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Community Care Hospice Logo

Community Care Hospice

1669 Rombach Ave.
Wilmington, OH 45177
Phone: 937.382.5400
Fax: 937.383.3898

Ohio's Community Mercy Hospice Logo

Ohio's Community Mercy Hospice

Mitchell-Thomas Center
100 W. McCreight Ave., Ste. 400
Springfield, OH 45504

Ohio's Hospice at United Church Homes Logo

Ohio's Hospice at United Church Homes

Chapel Hill
12200 Strausser St. NW
Canal Fulton, OH 44614

Ohio's Hospice Logo

Ohio's Hospice at United Church Homes

200 Timberline Dr. #1212
Marietta, OH 45750

Ohio's Hospice of Butler & Warren Counties

Ohio's Hospice of Butler & Warren Counties

5940 Long Meadow Dr.
Middletown, OH 45005

Ohio's Hospice of Dayton Logo

Ohio's Hospice of Dayton

324 Wilmington Ave.
Dayton, Ohio 45420

Ohio's Hospice of Central Ohio


2269 Cherry Valley Rd.
Newark, OH 43055

Inpatient Care Center

1320 West Main St.
Newark, OH 43055

Ohio's Hospice of Central Ohio at
The Ohio State University
Wexner Medical Center

410 W 10th Ave - 7th Floor
Columbus, OH 43210

Ohio's Hospice of Fayette County Logo

Ohio's Hospice of Fayette County

222 N. Oakland Ave.
Washington Court House, OH 43160

Ohio's Hospice of Miami County Logo

Ohio's Hospice of Miami County

550 Summit Ave., Ste. 101
Troy, OH 45373

Ohio's Hospice LifeCare Logo

Ohio's Hospice LifeCare

1900 Akron Rd.
Wooster, OH 44691

Ohio's Hospice Loving Care Logo

Ohio's Hospice Loving Care

779 London Ave.
Marysville, OH 43040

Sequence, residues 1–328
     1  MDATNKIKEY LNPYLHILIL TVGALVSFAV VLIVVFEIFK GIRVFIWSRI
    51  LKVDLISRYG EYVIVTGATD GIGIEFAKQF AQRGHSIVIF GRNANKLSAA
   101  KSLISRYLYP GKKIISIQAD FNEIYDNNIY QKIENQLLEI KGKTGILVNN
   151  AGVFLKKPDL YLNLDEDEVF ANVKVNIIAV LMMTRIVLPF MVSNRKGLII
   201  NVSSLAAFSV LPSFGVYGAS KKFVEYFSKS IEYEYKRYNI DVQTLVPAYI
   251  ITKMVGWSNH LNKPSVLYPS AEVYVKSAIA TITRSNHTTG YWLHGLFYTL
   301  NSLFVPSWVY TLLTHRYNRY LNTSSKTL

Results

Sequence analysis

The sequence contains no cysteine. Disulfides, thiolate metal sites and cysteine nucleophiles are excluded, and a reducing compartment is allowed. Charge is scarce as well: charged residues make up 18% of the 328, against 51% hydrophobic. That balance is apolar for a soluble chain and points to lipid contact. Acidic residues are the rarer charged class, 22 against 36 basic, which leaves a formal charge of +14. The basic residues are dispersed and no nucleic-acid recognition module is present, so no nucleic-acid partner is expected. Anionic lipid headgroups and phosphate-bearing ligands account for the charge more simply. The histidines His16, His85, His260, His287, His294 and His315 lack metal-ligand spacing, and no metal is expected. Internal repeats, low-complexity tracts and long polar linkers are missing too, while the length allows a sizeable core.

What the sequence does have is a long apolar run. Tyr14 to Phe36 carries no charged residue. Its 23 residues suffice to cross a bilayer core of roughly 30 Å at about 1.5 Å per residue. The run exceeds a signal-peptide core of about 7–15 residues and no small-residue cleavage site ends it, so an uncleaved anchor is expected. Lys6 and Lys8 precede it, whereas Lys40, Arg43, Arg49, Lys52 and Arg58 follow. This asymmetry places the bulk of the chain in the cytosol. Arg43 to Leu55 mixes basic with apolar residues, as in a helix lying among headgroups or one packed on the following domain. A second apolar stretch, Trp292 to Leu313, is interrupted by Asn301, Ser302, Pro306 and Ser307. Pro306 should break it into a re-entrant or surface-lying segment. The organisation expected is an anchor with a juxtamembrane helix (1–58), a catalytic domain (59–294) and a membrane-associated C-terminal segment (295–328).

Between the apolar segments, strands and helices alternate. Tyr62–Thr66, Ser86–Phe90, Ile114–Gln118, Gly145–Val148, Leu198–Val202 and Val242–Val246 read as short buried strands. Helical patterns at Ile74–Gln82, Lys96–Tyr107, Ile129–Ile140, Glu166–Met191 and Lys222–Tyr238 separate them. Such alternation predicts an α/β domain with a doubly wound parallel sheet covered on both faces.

Why it Matters | Preserving the Legacy of Hospice

Is end-of-life care threatened by today’s healthcare environment? Learn Why it Matters!

The vision of the original hospice movement was to ensure that everyone had access to compassionate, comprehensive, community focused, end-of-life care. Today, as the growth in for-profit hospice providers continues to expand so has the concern about trends to pursue business models designed to manipulate patient selective, define narrow service communities, and maximize financial incentives which threatens the hospice movement and this vision, damaging the spirit of hospice care in the name of profits. Ohio’s Hospice is launching an educational initiative to explore some of the pressing issues.

Protecting End-of-Life Care in the U.S.

Preserving the Legacy of Hospice to Protect End-of-Life Care in the U.S.

Hospice leaders believe the key to meeting the needs of patients at the end of life is to go “back to the future” and fully embrace patient/family-centered care and population health.1As originally championed by Cicely Saunders, MD, the founder of the modern hospice movement, the hospice model of care was based on providing end-of-life care… Click here to read more! 

The legacy of hospice care. Learn more!

Dr. Cicely Saunders was a social worker, nurse and physician who had a dream in the 1950s that no patient should die alone and in pain. From her vision, the modern hospice movement was born, significantly changing the way the medical community approached death and dying. When the hospice movement came to the U.S., hospices were created as not-for-profit community-based organizations that followed Dr. Saunders’ mission, vision and values.

Today, this patient-centered legacy faces a threat from within the hospice movement itself. The rapidly growing for-profit hospice industry is diluting the core elements of Dr. Saunders’ vision. With profits as the goal, these companies are reducing both the depth of community and patient participation and the range of services they offer.

Ohio’s Hospice is an affiliation of not-for-profit hospice providers committed to fulfilling the original vision of Dr. Saunders. Recognizing the need for greater awareness and education about the hospice legacy and its importance for patients, families and hospice providers, Ohio’s Hospice has launched #WhyItMatters. Through community-based and professional outreach, advocacy, White Papers, social media and research, Ohio’s Hospice is striving to ensure that patient-centered, comprehensive, compassionate hospice care is protected now and for the future.

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